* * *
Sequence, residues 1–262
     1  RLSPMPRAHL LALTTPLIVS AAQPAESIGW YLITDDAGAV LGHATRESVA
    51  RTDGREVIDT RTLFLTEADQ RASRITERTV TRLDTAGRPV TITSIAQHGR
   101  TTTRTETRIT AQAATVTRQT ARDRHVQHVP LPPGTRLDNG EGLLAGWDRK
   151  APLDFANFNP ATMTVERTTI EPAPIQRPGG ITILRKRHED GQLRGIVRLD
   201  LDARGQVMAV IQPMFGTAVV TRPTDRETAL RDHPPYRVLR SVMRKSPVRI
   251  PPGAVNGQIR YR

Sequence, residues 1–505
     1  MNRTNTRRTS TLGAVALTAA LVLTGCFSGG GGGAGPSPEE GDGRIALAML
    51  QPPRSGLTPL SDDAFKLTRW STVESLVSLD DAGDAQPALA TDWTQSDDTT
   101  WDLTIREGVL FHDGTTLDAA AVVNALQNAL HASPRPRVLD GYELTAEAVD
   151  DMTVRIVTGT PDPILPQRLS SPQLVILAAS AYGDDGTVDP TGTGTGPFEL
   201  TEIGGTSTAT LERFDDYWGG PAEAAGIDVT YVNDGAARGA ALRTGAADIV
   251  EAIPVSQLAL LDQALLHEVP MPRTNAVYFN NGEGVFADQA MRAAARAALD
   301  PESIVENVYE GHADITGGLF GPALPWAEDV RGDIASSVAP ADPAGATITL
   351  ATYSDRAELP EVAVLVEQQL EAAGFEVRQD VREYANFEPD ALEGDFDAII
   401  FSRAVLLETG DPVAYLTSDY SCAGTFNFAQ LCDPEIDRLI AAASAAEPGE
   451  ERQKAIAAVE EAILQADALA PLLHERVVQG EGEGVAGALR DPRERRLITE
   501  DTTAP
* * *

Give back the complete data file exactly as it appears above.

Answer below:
Sequence, residues 1–262
     1  RLSPMPRAHL LALTTPLIVS AAQPAESIGW YLITDDAGAV LGHATRESVA
    51  RTDGREVIDT RTLFLTEADQ RASRITERTV TRLDTAGRPV TITSIAQHGR
   101  TTTRTETRIT AQAATVTRQT ARDRHVQHVP LPPGTRLDNG EGLLAGWDRK
   151  APLDFANFNP ATMTVERTTI EPAPIQRPGG ITILRKRHED GQLRGIVRLD
   201  LDARGQVMAV IQPMFGTAVV TRPTDRETAL RDHPPYRVLR SVMRKSPVRI
   251  PPGAVNGQIR YR

Sequence, residues 1–505
     1  MNRTNTRRTS TLGAVALTAA LVLTGCFSGG GGGAGPSPEE GDGRIALAML
    51  QPPRSGLTPL SDDAFKLTRW STVESLVSLD DAGDAQPALA TDWTQSDDTT
   101  WDLTIREGVL FHDGTTLDAA AVVNALQNAL HASPRPRVLD GYELTAEAVD
   151  DMTVRIVTGT PDPILPQRLS SPQLVILAAS AYGDDGTVDP TGTGTGPFEL
   201  TEIGGTSTAT LERFDDYWGG PAEAAGIDVT YVNDGAARGA ALRTGAADIV
   251  EAIPVSQLAL LDQALLHEVP MPRTNAVYFN NGEGVFADQA MRAAARAALD
   301  PESIVENVYE GHADITGGLF GPALPWAEDV RGDIASSVAP ADPAGATITL
   351  ATYSDRAELP EVAVLVEQQL EAAGFEVRQD VREYANFEPD ALEGDFDAII
   401  FSRAVLLETG DPVAYLTSDY SCAGTFNFAQ LCDPEIDRLI AAASAAEPGE
   451  ERQKAIAAVE EAILQADALA PLLHERVVQG EGEGVAGALR DPRERRLITE
   501  DTTAP